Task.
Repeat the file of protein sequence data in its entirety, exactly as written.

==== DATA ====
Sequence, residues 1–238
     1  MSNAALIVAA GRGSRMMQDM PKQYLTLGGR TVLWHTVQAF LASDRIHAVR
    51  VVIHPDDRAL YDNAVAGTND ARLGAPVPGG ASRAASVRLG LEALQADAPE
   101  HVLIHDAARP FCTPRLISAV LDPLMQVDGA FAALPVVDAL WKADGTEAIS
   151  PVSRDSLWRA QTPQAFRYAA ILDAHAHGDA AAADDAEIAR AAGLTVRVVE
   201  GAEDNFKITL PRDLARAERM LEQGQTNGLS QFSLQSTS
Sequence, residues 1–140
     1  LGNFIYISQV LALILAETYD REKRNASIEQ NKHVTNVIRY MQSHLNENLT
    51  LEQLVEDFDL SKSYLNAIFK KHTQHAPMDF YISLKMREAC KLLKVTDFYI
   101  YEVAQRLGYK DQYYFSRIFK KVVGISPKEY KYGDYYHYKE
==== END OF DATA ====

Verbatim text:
Sequence, residues 1–238
     1  MSNAALIVAA GRGSRMMQDM PKQYLTLGGR TVLWHTVQAF LASDRIHAVR
    51  VVIHPDDRAL YDNAVAGTND ARLGAPVPGG ASRAASVRLG LEALQADAPE
   101  HVLIHDAARP FCTPRLISAV LDPLMQVDGA FAALPVVDAL WKADGTEAIS
   151  PVSRDSLWRA QTPQAFRYAA ILDAHAHGDA AAADDAEIAR AAGLTVRVVE
   201  GAEDNFKITL PRDLARAERM LEQGQTNGLS QFSLQSTS
Sequence, residues 1–140
     1  LGNFIYISQV LALILAETYD REKRNASIEQ NKHVTNVIRY MQSHLNENLT
    51  LEQLVEDFDL SKSYLNAIFK KHTQHAPMDF YISLKMREAC KLLKVTDFYI
   101  YEVAQRLGYK DQYYFSRIFK KVVGISPKEY KYGDYYHYKE